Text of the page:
So, back to present-day Mary. Although Dr. Mean Lips makes me want to crack up most of the time, I have to keep my straight face when I say NO, and I have to stick to my guns.    I have not been considering Down Syndrome whatsoever when making disciplinary decisions, and neither has my husband.  It is HARD, but he is our kid, no matter the chromosome count, and we want to do what is best for him.  He and Marley are going to have the same behavior expectations!

Discipline is such a touchy subject among parents.  People LOVE to judge other people about their decisions.  Everyone thinks they have the secret potion to the well-behaved kid when their kid does something right.  If there’s another kid acting up at a restaurant, people LOVE to say “wow, I would never let my kid do that”.

Here’s what I learned.  You can’t really generalize these parenting “tips” to work for everyone, or even a large group of people.  You have you have to gauge what works best for both you and your child.  You have to be comfortable that what you are doing is best for your child AND meets all of your needs as a parent.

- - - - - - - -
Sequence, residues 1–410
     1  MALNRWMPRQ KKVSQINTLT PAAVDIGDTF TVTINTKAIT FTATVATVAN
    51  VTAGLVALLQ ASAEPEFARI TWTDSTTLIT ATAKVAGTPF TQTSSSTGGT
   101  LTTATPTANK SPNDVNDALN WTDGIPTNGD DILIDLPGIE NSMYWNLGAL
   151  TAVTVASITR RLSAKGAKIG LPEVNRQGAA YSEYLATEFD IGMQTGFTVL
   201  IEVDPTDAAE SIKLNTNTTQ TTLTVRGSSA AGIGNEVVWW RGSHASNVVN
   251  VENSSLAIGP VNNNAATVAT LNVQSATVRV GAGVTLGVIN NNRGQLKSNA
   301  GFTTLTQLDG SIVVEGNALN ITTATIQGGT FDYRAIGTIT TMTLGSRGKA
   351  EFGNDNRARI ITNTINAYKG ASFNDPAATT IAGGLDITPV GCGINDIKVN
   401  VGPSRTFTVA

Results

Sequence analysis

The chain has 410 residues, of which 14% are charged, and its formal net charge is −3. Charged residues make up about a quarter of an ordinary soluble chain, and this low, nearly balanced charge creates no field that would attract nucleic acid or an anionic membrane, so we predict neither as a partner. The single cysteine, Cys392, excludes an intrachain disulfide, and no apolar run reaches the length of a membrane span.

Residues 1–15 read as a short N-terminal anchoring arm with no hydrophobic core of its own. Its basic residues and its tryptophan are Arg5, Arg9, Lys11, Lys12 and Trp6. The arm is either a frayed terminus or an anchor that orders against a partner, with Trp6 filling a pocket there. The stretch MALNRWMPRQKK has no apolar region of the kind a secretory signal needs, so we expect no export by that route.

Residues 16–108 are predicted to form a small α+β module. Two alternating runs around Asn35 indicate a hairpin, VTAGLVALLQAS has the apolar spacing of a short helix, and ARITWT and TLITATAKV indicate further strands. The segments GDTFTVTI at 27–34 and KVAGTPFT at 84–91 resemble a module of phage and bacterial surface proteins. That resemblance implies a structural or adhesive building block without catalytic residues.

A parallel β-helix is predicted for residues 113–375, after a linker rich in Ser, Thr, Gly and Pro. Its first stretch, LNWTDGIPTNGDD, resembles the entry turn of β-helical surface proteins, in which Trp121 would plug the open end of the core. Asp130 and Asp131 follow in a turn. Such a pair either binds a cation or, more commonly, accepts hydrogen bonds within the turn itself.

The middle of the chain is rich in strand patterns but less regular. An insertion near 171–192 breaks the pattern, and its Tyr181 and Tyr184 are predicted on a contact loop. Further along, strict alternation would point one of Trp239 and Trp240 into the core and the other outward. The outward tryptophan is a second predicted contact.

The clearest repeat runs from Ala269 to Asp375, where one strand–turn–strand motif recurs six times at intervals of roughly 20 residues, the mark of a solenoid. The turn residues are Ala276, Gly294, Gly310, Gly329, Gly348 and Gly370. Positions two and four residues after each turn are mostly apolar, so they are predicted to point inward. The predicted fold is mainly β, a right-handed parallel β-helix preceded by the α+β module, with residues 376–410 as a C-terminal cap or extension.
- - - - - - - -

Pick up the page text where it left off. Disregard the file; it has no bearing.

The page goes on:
Sure, take in all of the advice.  I definitely do. Nod and smile when you get the unsolicited parenting advice from random people.  Try things, more than once.  But, if they seem to work for everyone except you, you are not the weirdo, and I guarantee you are not alone.  I have found that there is not a single parenting choice, aside from abuse of course, that I could ever judge because I do not know what it is like to be in their shoes!

Our journey of disciplining our children has begun, and I cannot wait to share it openly and shamelessly with you all.  The baby years are leaving, and are being replaced by crazy toddler years faster than we imagined.  We are in it!  Buckle up, people!

There’s one more thing I used to say about my future parenting style, and it’s the only one I’ve stuck to.

“I will love my kids unconditionally. No matter what.”

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That one is my favorite, and I am crushing it.

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I was shocked as a new mom to find out that my son has Down Syndrome. I had no idea that my life would be changed for the better! Now, I am using my passion for writing to spread awareness and acceptance for people with Down syndrome.